With all the talk about the Higgs boson (fully justified! hooray!), another significant story runs the risk of getting lost. It’s not as triumphant, perhaps—after all, the hunt for the Higgs began decades ago—but it’s still important, especially for cosmologists like me.
One of the key pieces in the modern cosmological concordance model is dark matter, the invisible substance that comprises about 80% of all the mass in the Universe. Even though it was first proposed in the 1930s by Fritz Zwicky, the evidence of dark matter’s existence is indirect. To this day, we don’t know what kind of particles make up dark matter, only that they aren’t the same stuff as atoms, they aren’t neutrinos, and larger objects like brown dwarfs or black holes don’t have the right behavior. Despite not knowing the identity of the lurker, we see its footprints in galaxy clusters, the rotation of spiral galaxies, and the cosmic microwave background. In other words, most astronomers, cosmologists, and particle physicists are pretty certain the stuff exists, even though we can’t ID it yet.
Another major piece of evidence was published in Nature today (good timing, right?). Astronomers using archival data from the Subaru telescope in Hawaii and X-ray data from the orbiting XMM-Newton observatory have found a probable dark matter filament connecting two galaxy clusters. They used weak gravitational lensing, when a concentration of mass magnifies the light of an object far behind it, without creating a coherent image. The structure the researchers found has as much mass as a small galaxy cluster itself, but doesn’t have enough galaxies or ordinary matter. While galaxy clusters are full of hot gas, the X-ray observations of the gas in the filament show it only has about 9% of the total mass. The rest of mass must come from something else, so why not dark matter? (For more details about the discovery, see my Ars Technica article.)
By itself, this discovery is pretty exciting, but it’s important for another reason. The distribution of galaxies and galaxy clusters in the Universe is known as the large-scale structure (LSS). In LSS theory, dark matter collects (via mutual gravitational attraction) into halos, which attract the ordinary matter that becomes galaxies and so forth. However, the halos are connected to each other in a giant web, as shown in the image on the left: each dot represents a concentration of dark matter. The bigger blobs are galaxy clusters, but there are also thinner strands known as filaments. Because ordinary matter concentrates most in the halos, the filaments may contain very little to make them directly visible, even if they have a lot of dark matter mass.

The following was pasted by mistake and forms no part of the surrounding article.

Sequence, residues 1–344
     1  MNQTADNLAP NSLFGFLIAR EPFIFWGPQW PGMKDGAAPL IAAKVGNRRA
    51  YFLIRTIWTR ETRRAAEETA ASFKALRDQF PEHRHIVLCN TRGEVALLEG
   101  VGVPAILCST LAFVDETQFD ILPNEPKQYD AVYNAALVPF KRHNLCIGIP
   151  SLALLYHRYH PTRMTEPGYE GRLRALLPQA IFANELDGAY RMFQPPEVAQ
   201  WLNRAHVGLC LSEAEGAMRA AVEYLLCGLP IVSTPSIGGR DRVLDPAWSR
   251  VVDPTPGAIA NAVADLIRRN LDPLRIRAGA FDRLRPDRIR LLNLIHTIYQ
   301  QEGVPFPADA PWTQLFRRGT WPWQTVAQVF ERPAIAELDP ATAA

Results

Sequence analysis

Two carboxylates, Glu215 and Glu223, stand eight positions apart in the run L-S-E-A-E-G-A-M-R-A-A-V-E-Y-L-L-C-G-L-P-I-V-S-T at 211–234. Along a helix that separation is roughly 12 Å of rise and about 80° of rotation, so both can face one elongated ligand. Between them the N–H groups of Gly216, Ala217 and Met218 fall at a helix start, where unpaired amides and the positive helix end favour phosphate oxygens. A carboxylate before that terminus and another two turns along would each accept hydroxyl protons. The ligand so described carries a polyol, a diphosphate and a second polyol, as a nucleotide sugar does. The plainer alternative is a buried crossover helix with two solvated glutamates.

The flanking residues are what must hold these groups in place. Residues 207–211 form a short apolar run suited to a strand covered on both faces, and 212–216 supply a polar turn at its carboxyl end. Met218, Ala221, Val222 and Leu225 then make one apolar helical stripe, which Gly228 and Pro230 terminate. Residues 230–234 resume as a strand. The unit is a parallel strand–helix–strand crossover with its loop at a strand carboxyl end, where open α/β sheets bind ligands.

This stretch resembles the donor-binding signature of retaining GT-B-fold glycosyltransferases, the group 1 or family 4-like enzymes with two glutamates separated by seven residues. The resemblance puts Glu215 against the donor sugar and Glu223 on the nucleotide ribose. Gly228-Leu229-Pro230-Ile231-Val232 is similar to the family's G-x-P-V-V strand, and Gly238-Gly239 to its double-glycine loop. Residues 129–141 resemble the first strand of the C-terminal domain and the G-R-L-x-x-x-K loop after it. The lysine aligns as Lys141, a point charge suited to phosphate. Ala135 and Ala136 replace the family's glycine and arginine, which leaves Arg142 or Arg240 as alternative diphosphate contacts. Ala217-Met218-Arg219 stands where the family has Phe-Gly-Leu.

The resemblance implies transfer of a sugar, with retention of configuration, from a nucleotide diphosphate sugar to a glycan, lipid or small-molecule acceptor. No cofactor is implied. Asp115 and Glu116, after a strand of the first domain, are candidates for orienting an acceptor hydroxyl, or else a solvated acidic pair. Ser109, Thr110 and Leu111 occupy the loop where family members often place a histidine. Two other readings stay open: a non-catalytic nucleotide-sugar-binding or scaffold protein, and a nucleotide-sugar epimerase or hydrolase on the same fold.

Galaxy surveys, such as the 2-degree Field (2dF) survey, bear out the predictions of LSS theory: the galaxies are distributed in number and position exactly where they should be if the cosmic web is actually present. However, the filaments have proven elusive; previous observations have found them via X-ray emissions from hot gas, but nobody had measured their dark matter content—until the present study. Measurement of the dark matter mass in this filament is the Bullet Cluster for LSS: it reveals what should be there, but which has been hard to find independently.
My fellow cosmology blogger Ethan Siegel chided me for skimping in the discussion of LSS in my earlier post on the subject, “Is Cosmology in Shambles?“. In fact, I evidently equivocated too much for many people’s tastes, leading some to even think I take the side of those who think dark matter isn’t real. Rereading that post today, I understand acknowledge the validity of these criticisms, so let me state plainly for the record: no, I don’t think cosmology is in shambles, and yes, I think the balance of evidence is strongly in favor of dark matter’s existence. Things are complicated enough on the scale of galaxies and smaller structures to leave a little room for alternative ideas, but any theory replicating the success of the dark matter model has a lot of different phenomena to explain—including this new dark matter filament discovery.